How Much Traffic Will You Lose From The Upcoming Mobile SEO-Pocalypse?
Bryson Meunier on March 12, 2015
Google’s mobile-friendliness update is coming this April, but should you be rushing to make your site mobile-friendly? Columnist Bryson Meunier explains how to estimate the impact on your site.
April 21st (the day that Google will start using mobile-friendly compliance as a ranking factor in smartphone search) is coming, and if you haven’t done it already, you should really get your mobile ducks in a row.
For most of us, mobile compliance is no longer optional. At SMX West this month, Mitul Gandhi of seoClarity reported that mobile search currently makes up about 30% of total traffic, regardless of industry. For some of us, it’s more than half of all search traffic and growing by the moment.
Making your site mobile-friendly is necessary in the present for many sites, and it’s a good long-term investment even if it doesn’t affect your short-term traffic.
What if you’re in an industry where far less than 30% of your traffic comes from mobile devices? Should it still be a priority to make your site mobile friendly? Would you really lose that much traffic if you didn’t?
Recently on Google+, Rand Fishkin shared the device breakdown for different sections of Moz.com, and the numbers are pretty low – so low that Justin Briggs estimated the traffic that he might lose as a result of not being mobile friendly might be as low as “less than 1%.”
Moz is making its site mobile-friendly regardless (hooray!), but for other businesses, knowing how to calculate the effect of the mobile-friendly update could help them decide the time frame in which these changes need to be done. If there’s not a lot of mobile traffic to lose, maybe April 21 is not the end of the world for your online business.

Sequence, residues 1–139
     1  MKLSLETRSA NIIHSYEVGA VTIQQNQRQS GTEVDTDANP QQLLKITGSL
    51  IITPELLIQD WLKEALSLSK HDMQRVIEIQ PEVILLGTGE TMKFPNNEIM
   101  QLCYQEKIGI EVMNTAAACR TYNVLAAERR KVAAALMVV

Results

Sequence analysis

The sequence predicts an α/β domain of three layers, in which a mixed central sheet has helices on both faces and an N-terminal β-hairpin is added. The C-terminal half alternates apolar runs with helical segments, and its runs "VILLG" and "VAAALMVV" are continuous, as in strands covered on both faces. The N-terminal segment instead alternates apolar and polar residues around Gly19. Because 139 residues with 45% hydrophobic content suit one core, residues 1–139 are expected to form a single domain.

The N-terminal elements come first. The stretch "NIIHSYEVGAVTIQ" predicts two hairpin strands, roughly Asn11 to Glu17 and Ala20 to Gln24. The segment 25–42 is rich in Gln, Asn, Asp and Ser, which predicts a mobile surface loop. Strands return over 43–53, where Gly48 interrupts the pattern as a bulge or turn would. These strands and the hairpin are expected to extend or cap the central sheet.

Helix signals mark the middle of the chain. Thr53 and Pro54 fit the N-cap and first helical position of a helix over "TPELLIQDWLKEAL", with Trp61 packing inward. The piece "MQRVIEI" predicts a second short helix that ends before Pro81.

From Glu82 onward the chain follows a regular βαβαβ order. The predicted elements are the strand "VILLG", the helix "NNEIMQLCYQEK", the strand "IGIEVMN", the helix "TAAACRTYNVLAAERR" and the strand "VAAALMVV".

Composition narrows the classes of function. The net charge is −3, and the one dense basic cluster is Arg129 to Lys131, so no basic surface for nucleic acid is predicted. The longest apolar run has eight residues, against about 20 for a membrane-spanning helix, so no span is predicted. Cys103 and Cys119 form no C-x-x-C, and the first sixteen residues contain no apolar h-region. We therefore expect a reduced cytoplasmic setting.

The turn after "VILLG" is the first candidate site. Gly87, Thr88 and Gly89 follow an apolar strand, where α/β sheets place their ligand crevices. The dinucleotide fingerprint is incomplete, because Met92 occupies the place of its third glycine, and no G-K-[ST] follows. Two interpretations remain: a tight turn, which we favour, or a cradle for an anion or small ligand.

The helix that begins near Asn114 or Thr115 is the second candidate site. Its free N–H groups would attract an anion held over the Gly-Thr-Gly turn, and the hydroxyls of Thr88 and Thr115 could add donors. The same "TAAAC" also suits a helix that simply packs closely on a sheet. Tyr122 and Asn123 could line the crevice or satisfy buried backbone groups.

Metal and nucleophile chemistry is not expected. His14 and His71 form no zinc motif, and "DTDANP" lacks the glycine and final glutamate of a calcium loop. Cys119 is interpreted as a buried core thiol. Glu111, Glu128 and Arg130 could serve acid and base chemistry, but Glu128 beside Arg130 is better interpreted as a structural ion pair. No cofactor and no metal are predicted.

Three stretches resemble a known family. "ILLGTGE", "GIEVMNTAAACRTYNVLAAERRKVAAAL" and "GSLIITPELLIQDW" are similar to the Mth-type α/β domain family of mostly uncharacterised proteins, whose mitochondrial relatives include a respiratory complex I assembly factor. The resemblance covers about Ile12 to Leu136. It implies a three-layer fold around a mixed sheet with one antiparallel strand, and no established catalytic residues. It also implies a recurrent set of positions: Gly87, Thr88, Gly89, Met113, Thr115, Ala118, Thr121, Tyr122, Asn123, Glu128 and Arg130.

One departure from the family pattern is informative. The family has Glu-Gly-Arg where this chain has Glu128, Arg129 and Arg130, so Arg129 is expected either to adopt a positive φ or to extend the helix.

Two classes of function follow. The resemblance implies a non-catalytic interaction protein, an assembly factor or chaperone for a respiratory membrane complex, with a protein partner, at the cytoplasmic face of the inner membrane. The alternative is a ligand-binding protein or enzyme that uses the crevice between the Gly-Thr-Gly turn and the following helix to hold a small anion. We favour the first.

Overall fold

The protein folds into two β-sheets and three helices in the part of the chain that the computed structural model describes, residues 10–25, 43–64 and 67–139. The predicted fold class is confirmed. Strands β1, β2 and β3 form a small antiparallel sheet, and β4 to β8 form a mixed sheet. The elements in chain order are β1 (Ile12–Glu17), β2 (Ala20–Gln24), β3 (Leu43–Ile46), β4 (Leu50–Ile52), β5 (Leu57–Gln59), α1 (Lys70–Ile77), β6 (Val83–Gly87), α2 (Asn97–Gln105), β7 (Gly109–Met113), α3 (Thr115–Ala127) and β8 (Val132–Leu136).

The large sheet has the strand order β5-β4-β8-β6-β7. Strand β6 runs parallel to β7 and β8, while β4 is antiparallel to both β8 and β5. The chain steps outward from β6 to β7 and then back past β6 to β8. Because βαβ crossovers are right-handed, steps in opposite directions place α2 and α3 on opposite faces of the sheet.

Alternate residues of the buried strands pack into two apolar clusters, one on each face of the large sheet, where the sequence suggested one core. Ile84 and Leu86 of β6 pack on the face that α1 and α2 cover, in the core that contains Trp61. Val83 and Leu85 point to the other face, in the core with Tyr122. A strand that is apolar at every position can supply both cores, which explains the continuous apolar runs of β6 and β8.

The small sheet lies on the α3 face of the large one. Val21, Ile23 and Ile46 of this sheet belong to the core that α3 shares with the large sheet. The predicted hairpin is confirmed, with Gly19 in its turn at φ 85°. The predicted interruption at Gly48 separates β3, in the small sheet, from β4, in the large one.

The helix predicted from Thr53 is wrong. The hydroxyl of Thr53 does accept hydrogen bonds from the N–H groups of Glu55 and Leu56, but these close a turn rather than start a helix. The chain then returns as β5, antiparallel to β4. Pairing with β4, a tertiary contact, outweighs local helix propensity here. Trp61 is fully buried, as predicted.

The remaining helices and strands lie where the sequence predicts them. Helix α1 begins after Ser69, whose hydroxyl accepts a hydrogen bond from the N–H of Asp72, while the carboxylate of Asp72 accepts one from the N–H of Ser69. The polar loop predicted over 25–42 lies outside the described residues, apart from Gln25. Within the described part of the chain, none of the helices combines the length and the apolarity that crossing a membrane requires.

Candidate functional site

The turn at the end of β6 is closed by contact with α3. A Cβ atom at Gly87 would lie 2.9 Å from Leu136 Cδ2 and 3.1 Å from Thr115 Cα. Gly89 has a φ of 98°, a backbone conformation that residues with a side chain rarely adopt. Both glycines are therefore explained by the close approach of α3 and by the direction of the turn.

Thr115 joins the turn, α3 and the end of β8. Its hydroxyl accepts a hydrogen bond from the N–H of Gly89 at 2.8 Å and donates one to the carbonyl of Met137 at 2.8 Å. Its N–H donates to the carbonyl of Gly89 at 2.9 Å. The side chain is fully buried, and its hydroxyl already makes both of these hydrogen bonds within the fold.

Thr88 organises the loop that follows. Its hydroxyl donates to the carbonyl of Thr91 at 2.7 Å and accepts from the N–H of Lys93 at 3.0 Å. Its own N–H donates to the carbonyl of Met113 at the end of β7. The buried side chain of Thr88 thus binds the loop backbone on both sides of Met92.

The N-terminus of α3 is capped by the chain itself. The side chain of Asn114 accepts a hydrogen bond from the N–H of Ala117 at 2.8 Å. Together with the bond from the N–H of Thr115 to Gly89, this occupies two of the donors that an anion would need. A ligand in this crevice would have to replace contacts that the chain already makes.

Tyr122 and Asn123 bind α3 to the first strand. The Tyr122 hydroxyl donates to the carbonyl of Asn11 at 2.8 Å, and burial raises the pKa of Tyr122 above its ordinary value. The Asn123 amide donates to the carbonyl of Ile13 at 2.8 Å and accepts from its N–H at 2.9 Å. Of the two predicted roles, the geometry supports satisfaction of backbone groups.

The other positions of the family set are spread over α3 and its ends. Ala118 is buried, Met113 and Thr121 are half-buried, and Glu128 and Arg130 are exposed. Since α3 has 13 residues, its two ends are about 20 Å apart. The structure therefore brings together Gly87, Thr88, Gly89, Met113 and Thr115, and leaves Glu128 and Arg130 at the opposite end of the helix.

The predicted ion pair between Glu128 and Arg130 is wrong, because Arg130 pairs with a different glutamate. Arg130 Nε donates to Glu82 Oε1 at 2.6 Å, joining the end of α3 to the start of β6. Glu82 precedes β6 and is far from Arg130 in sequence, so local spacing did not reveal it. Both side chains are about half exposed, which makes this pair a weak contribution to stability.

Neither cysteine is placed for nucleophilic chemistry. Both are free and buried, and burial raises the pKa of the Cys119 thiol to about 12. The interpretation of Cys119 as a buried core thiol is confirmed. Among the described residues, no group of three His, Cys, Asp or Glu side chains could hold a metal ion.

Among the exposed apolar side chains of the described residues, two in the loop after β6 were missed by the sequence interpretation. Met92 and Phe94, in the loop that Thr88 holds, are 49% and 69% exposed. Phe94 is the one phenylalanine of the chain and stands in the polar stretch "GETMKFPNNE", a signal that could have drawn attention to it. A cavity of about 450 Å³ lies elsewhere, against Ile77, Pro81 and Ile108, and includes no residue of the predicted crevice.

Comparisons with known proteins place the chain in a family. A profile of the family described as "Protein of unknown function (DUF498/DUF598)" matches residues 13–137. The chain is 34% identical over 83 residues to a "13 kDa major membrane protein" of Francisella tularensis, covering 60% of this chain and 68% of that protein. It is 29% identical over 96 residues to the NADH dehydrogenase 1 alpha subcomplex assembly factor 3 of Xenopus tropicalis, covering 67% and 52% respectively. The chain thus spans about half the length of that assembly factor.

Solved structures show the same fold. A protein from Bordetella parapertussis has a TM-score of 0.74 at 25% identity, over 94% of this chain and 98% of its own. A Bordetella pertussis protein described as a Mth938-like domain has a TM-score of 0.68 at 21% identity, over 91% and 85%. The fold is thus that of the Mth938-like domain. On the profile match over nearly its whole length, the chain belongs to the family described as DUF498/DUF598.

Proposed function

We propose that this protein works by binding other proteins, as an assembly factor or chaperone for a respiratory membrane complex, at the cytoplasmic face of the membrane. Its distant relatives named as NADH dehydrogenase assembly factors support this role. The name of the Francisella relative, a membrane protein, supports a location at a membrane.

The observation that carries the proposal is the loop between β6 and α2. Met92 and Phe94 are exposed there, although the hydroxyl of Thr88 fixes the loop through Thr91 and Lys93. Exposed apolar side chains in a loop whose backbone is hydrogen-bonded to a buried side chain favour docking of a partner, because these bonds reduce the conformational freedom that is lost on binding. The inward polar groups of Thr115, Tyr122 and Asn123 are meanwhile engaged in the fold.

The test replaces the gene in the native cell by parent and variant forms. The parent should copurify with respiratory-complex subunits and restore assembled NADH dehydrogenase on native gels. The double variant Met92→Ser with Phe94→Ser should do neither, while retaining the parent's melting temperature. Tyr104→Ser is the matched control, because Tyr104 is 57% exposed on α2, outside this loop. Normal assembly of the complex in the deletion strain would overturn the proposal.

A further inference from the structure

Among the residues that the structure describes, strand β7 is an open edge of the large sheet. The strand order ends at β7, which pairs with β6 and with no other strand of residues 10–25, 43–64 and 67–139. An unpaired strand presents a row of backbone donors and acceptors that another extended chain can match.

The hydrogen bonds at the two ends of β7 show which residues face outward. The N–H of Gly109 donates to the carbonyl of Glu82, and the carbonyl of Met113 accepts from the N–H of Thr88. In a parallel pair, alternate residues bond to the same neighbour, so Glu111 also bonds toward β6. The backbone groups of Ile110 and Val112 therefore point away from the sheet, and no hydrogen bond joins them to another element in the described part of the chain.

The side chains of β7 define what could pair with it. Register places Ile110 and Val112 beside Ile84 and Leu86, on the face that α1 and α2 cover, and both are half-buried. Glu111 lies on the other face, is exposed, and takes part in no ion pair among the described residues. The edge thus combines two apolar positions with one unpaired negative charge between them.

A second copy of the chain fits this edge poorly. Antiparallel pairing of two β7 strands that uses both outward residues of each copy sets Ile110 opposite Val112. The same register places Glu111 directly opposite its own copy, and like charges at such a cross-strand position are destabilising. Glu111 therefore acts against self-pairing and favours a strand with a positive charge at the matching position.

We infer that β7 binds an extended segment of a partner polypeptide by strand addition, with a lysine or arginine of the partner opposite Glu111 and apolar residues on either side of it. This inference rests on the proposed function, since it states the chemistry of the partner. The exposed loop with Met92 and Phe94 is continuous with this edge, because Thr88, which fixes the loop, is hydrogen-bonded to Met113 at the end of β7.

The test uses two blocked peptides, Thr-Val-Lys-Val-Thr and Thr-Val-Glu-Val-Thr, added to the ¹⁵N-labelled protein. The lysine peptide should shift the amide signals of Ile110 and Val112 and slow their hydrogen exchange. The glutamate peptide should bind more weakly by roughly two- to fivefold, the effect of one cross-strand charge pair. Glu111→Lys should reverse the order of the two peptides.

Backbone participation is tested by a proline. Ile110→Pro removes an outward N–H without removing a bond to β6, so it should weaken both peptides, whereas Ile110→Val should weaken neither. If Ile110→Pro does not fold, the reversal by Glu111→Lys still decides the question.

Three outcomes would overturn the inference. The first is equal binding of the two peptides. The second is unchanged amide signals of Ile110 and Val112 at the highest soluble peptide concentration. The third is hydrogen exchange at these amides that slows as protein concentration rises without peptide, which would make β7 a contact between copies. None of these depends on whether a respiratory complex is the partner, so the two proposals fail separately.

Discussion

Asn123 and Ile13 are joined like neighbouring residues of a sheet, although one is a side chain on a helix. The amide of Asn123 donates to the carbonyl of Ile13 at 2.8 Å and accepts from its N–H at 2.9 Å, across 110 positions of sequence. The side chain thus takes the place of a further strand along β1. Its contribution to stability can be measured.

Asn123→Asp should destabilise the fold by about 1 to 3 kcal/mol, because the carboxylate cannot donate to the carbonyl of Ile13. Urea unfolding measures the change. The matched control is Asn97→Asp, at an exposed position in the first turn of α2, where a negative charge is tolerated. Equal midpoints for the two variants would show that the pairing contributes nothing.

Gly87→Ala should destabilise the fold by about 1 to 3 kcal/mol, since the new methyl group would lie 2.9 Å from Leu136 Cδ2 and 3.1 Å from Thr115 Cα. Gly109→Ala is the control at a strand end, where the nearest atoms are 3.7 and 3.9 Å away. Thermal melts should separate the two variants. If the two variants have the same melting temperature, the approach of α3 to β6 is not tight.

Estimating Your Potential Lost Traffic From Google’s Mobile-Friendliness Update
To show how to calculate lost traffic to your business, we’ll use Moz.com as an example.
First, we used SEMRush to find the top non-brand keywords for the site, deleting any keywords that Moz ranked for that were navigational so as to create a list of qualified keywords that may be important to Moz’s business.
If you are doing this for your own site, use a list of your most qualified keywords, along with smartphone and desktop rankings for each. If you don’t have smartphone rankings for a site you don’t own, you can do what we did: use SEMRush position tracking to find smartphone ranking, and spot check suspect and missing rankings with Chrome incognito on a smartphone.
Once we had that, we took only keywords that had a page one ranking on desktop, which narrowed the list down to 87 keywords.
Using AdWords search volume, we entered the smartphone volume manually, and estimated desktop and smartphone traffic based on device-specific position and search volume, using seoClarity’s data around desktop and smartphone click-through rates (CTR) based on position:
We ended up with a spreadsheet that looks like this, with smartphone rankings penalties based on decreased click-through rate according to the seoClarity data.
When we estimate traffic, we can see that the “less than 1%” estimate was based on a very minor penalty, where the rankings on keywords without mobile-friendly content shifts only by one position. In industries where mobile friendly content is the norm, this could be much more serious, resulting in a loss of several positions.
We won’t know until April 21 what the fallout will be for the search results that matter for your business, but a shift in five positions could mean a loss of as much as 41% of Moz’s smartphone traffic and 3% of total Moz traffic:
It’s worth noting that this number could be a little lower in reality, as some of the URLs that we used in this study are already mobile-friendly.
This number will be different for every site. Moz is lucky because at present, its audience is not generally using smartphones to access the type of content it provides. However, given that the norm is about 30% search access from smartphones (according to seoClarity) and that some sites have much more than half of their traffic coming from smartphones, this mobile-friendly algorithm could be very disruptive to many businesses.
Given that smartphone access is only increasing (and faster than desktop access), businesses would be wise to follow Moz’s lead and make their sites mobile-friendly, even if the percent of total traffic that they might lose right now is less than 5%.